“Old Town Road” felt like the best possible outcome for standom’s potential as a grassroots promotional machine: a genuinely fun, innovative novelty song building up so much populist support that the music industry establishment had no choice but to embrace it. It can be cute and even touching when stans breathe new life into older, disrespected works by their faves, as when Mariah Carey’s supporters (the “Lambily”) banded together to propel her flop 2001 Glitter soundtrack to the top of the iTunes album chart. But stan enthusiasm tends to take a darker turn when someone falls short of absolute obeisance. Writers critiquing artists with vigilant fan bases, like BTS or Camila Cabello, can always count on their mentions filling up with accusations of bias and calls to “do your research.” The rancor can be much more severe when an artist personally incites their stans against a particular reviewer — sometimes indirectly, as when Lizzo and Lana Del Rey expressed displeasure with respected critics whose takes were more nuanced than “YAS QUEEN.”
Nicki Minaj exhibited #Queen behaviour when she hopped in my DMs and insulted me numerous times over an innocent music opinion while her fans continue to harass me and DM me death threats. This is NOT okay. pic.twitter.com/bJI9TVvJV7
— W (@WannasWorld) July 1, 2018
But those were widely circulated reviews at prestigious outlets like Pitchfork and NPR. Two summers ago, Nicki Minaj stooped far lower, stoking her stans’ ire against a freelance writer with a modest social media following as punishment for the crime of tweeting some constructive criticism. “You know how dope it would be if Nicki put out mature content?” Wanna Thompson wrote at the time. “No silly shit. Just reflecting on past relationships, being a boss, hardships, etc. She’s touching 40 soon, a new direction is needed.” Minaj’s stans, known as the Barbz, discovered the tweet and began pillorying Thompson. When they brought her tweet to their queen’s attention, Minaj responded publicly by posting a list of her allegedly mature songs and privately by calling Thompson “ugly” and “jealous” in a direct message. Thompson told the New York Times the encounter left her “physically drained,” “mentally depleted,” and considering therapy.
Last year, Minaj’s pal Ariana Grande lashed out generally at bloggers after reading negative appraisals of her Coachella performance with Justin Bieber. Toronto-based writer Roslyn Talusan pushed back against Grande on Twitter: “you fucking realize bloggers/writers are creators, right? just because we don’t sing or dance shitty choreo or culturally appropriate for profit doesn’t make our craft any less valid. suck on my balls.” Grande’s subjects than subjected Talusan to harassment, doxxing, and even death threats. Stans also sometimes campaign to “cancel” a celebrity who has clashed with their dear leader, hence the proliferation of hashtags like #TaylorSwiftIsOverParty whenever one artist runs afoul of another’s stans. In a hilarious and terrifying instance of community infighting, one such movement even sought to suppress “multis,” aka people who stan more than one artist, with the #multisareoverparty hashtag. It’s like being forced to choose between Backstreet Boys or *NSYNC, but with added public shaming.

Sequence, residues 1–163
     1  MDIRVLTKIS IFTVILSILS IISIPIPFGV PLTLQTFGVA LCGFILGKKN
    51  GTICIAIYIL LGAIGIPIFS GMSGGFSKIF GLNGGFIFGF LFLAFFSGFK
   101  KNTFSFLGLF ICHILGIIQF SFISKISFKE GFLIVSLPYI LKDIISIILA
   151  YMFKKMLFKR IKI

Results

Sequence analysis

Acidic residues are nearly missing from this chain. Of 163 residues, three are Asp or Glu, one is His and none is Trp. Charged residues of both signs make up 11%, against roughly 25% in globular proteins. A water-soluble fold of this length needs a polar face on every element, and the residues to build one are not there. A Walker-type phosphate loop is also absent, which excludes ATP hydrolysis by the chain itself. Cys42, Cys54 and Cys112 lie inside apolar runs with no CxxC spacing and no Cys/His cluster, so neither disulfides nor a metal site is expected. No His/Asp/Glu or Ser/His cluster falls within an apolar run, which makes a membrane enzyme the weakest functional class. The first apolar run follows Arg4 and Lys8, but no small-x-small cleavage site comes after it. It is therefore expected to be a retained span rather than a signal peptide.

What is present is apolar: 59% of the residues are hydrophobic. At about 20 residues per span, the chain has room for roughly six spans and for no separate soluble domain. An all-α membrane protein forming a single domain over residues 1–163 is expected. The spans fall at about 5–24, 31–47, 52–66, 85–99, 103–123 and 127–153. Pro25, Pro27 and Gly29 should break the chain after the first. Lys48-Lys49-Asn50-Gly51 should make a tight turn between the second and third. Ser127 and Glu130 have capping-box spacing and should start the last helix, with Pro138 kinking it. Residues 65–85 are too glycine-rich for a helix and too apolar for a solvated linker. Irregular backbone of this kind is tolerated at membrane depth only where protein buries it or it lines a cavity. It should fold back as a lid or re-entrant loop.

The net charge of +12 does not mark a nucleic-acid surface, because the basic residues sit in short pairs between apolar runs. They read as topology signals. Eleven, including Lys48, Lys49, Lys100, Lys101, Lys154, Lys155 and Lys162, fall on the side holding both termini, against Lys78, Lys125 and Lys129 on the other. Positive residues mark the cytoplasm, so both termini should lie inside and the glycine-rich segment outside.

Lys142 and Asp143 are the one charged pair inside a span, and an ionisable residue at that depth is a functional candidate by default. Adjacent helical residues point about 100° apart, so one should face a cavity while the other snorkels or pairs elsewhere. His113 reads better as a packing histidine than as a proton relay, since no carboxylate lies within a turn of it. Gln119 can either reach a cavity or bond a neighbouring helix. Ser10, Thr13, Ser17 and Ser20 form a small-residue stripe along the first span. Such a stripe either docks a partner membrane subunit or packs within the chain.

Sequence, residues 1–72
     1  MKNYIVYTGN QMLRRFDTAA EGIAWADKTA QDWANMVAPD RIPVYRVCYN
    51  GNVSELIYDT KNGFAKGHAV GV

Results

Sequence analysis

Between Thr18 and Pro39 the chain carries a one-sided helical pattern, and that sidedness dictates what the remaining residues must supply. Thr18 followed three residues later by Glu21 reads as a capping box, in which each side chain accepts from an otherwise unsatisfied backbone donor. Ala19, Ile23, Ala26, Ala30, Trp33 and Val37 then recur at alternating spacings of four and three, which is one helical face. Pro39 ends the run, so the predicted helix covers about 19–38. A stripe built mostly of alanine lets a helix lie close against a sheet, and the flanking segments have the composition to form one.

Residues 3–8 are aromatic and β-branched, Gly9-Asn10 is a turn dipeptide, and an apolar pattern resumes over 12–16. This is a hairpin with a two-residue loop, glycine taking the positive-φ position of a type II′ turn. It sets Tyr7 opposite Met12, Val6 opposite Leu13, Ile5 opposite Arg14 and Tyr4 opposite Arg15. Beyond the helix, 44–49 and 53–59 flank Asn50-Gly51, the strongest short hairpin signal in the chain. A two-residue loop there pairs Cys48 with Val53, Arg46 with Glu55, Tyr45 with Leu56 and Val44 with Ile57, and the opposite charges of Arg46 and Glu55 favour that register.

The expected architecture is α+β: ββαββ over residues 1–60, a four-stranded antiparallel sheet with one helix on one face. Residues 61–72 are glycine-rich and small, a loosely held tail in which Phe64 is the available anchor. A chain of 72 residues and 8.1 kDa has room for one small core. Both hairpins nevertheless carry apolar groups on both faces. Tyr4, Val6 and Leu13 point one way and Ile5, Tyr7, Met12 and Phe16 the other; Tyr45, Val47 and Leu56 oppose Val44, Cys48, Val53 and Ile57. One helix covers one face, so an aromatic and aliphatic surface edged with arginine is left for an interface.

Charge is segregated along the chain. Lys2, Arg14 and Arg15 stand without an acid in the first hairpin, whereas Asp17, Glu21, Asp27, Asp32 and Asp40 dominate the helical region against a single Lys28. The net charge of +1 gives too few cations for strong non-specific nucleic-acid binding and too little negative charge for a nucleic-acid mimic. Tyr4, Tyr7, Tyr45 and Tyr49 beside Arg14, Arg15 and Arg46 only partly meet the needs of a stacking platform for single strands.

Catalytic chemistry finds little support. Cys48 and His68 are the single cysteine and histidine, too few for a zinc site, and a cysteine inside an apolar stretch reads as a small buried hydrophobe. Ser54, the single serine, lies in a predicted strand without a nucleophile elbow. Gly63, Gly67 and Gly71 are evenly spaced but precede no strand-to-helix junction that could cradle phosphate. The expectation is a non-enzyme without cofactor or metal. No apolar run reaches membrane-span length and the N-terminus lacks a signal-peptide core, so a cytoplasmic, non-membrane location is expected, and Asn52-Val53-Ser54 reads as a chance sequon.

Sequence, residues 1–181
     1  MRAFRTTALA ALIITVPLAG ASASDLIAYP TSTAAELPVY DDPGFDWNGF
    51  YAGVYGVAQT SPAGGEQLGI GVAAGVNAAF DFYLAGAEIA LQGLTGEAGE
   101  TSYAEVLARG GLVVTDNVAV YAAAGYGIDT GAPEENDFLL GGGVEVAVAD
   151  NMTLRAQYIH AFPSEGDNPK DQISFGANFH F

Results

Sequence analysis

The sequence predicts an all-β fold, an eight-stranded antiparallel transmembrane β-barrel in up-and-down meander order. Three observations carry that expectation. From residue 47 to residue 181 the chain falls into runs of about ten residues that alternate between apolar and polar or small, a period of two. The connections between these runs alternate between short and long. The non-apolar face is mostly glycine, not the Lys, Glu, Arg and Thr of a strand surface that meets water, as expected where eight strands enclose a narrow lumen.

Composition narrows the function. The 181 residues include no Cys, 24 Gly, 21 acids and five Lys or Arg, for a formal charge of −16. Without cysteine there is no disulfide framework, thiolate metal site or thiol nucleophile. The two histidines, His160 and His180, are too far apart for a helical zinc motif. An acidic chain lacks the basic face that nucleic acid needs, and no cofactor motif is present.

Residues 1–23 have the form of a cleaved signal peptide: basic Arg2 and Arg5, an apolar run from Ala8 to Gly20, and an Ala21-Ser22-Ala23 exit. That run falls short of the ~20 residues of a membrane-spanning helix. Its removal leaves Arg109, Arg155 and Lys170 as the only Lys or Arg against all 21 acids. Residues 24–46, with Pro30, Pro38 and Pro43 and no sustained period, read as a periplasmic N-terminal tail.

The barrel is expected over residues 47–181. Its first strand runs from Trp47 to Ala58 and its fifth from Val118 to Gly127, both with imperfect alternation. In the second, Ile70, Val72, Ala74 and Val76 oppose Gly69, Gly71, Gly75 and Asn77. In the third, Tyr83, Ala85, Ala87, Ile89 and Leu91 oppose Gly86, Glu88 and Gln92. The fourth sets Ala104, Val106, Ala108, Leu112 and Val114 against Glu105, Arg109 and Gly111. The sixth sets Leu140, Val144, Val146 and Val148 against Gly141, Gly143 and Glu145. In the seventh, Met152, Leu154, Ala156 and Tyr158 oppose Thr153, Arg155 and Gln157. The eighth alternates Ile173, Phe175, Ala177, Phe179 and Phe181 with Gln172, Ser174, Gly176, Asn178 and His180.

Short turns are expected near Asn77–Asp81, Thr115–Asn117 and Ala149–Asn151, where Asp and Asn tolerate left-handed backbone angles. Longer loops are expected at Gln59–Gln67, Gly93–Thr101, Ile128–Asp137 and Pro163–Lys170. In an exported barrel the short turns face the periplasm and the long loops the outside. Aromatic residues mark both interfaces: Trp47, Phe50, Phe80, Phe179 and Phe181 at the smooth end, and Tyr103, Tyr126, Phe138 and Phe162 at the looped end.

— Al Shipley (@alshipley) May 11, 2020
Such cases of online mob justice and other cultish behavior recently prompted Billboard to ask psychologists whether participating in stan culture was indicative of poor mental health. The consensus was that there’s nothing inherently wrong with shared affinity groups, but fandom can easily become a context for more disconcerting obsessive behavior. The internet only enables and accelerates this impulse: prioritizing the loudest voices, blurring the borders between reality and fantasy, giving people the courage to treat other people in ways they’d never dare attempt in person. “Everything in life can have good [or] bad attributes associated with it,” YouTuber and noted Beyoncé stan Kalen Allen told Billboard. “Call yourself what you want. I think it’s more important to evaluate what it means to be a stan, and define what makes a good or bad stan.”
It’s easier than ever to find meaning and purpose as part of the chorus of yes-people that swarms around every celebrity, blindly defending their honor at every turn. But as with seemingly all online discourse, it’s harder than ever to view this phenomenon in a positive light. Theoretically there are far worse ways to be radicalized online. Hopefully most teenage stans develop healthier relational patterns as they age into adulthood. Ideally stan communities will keep developing measures to self-police against abusive behavior and superstars will learn to wield their power responsibly.
But who can be optimistic about all this when stan behavior keeps escalating in bizarre new ways? Last week, Doja Cat and Nicki Minaj’s “Say So” remix was battling Megan Thee Stallion and Beyoncé’s “Savage” remix for #1 on the Hot 100. This had the potential to be Minaj’s first #1 hit after several close calls, and her Barbz were impatient for the news — so impatient that one of them allegedly published the address of the person who runs a popular chart news Twitter account @chartdata, instructing Nicki zealots in the area to pull up to the house and demand the information immediately. News of Doja and Nicki’s triumph broke shortly afterwards, and Twitter chatter suggested the home was vacant and for sale. Still, the scenario suggested a chilling reality: Nowadays, stars with security details like Eminem aren’t the only ones who must fear obsessive fans showing up in their living rooms.